Kuramata's designs reflect the confidence and creativity
of postwar japan, retaining a strong identity based on
traditional japanese aesthetics while breaking new ground
through the use of innovative materials. he combined the
Japanese concept of the unity of the arts with his fascination
with contemporary western culture, inventing a new design
vocabulary: : the ephemeral, the sensation of floating and
release from gravity, transparency and the construction of light.
Kuramata reassessed the relationship between form and function,
imposing his own vision of the surreal and of minimalist ideals
on everyday objects.
Born 1934 in Tokyo between the wars, the son of an administrator
who became vice-director of a scientific institute, Kuramata was
raised in Japan. He received a traditional training in the woodcraft
department at Tokyo's Polytechnic High School, and then went on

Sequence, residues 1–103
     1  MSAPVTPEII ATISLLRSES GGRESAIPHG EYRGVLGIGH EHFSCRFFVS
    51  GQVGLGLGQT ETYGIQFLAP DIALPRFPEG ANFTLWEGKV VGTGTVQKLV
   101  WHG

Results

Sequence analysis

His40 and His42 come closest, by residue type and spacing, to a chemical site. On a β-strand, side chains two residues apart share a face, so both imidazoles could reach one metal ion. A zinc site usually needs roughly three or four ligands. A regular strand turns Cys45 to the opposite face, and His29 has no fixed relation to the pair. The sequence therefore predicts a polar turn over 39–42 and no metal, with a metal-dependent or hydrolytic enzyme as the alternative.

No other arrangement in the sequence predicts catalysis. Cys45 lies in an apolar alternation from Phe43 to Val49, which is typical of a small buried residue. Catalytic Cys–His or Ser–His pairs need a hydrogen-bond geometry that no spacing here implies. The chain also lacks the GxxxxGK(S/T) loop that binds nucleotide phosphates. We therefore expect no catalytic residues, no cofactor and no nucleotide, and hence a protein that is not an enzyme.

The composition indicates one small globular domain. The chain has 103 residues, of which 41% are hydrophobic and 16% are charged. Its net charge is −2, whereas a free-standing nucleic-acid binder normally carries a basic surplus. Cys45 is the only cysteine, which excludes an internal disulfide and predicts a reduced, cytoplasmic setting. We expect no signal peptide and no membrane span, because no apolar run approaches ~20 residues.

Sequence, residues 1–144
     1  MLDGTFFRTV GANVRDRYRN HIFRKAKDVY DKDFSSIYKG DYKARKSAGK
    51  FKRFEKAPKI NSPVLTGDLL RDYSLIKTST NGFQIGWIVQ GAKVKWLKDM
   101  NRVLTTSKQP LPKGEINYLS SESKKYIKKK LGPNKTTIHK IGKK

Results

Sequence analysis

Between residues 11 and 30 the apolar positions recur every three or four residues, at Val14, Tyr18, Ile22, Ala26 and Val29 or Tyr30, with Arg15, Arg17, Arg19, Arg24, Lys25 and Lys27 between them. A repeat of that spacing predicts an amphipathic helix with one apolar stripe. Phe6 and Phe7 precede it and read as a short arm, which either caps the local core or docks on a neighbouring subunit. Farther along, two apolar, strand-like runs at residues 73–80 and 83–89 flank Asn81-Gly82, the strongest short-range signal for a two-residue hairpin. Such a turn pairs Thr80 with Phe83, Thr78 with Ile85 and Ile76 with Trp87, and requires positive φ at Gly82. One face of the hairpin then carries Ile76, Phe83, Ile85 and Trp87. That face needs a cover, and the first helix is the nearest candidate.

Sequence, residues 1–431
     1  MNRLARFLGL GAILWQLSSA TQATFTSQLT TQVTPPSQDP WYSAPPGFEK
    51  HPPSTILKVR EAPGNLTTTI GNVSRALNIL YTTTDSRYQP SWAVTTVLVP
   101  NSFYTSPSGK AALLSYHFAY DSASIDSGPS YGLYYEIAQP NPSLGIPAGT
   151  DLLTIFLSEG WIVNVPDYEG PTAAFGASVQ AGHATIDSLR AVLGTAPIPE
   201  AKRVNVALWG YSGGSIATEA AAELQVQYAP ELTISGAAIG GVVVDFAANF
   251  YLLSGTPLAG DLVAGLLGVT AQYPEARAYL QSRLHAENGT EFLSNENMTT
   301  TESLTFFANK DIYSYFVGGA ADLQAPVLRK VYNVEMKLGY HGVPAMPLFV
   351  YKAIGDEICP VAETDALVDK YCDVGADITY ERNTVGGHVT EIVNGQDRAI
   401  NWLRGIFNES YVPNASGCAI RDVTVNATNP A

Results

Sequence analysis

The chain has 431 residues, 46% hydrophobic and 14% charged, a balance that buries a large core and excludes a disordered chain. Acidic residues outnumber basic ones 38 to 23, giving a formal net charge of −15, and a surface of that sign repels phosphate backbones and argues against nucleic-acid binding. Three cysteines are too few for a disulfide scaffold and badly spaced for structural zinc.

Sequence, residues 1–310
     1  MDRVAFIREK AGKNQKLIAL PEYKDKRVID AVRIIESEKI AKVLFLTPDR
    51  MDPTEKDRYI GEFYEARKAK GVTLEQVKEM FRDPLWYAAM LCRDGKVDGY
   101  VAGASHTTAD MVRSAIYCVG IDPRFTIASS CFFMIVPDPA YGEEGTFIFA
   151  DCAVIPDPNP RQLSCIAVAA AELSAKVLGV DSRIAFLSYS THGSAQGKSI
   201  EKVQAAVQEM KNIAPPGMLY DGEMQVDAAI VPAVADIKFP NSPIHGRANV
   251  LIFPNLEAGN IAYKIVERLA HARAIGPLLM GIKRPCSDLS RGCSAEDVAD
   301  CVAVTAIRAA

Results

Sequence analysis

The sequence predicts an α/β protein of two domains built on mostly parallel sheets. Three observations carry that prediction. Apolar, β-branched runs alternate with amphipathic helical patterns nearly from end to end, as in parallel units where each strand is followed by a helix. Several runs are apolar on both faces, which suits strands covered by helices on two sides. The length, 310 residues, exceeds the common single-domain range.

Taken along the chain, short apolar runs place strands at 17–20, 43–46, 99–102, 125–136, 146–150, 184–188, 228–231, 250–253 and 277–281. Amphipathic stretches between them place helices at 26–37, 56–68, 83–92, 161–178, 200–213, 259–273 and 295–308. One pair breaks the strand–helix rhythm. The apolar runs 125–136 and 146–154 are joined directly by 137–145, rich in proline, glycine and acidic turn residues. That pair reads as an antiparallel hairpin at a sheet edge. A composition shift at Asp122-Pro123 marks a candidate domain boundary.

to work in a furniture factory, the 'teikoku kizai company' (1953).
he pursued his studies in interior design at the 'Kuwasawa Design
School' in Tokyo (1956) -institute that taught western concepts of
interior design- the he was hired by the small department store
'San-ai' as a designer of showcases as well as floor and window
displays (1957). after a brief stint as a freelance designer for the
retail giant 'Matsuya department store' (1964) the following year
he opened his own design office in Tokyo (1965).
During the 1970s and 80s, Kuramata, alert to the revolutionary
possibilities of new technologies and industrial materials,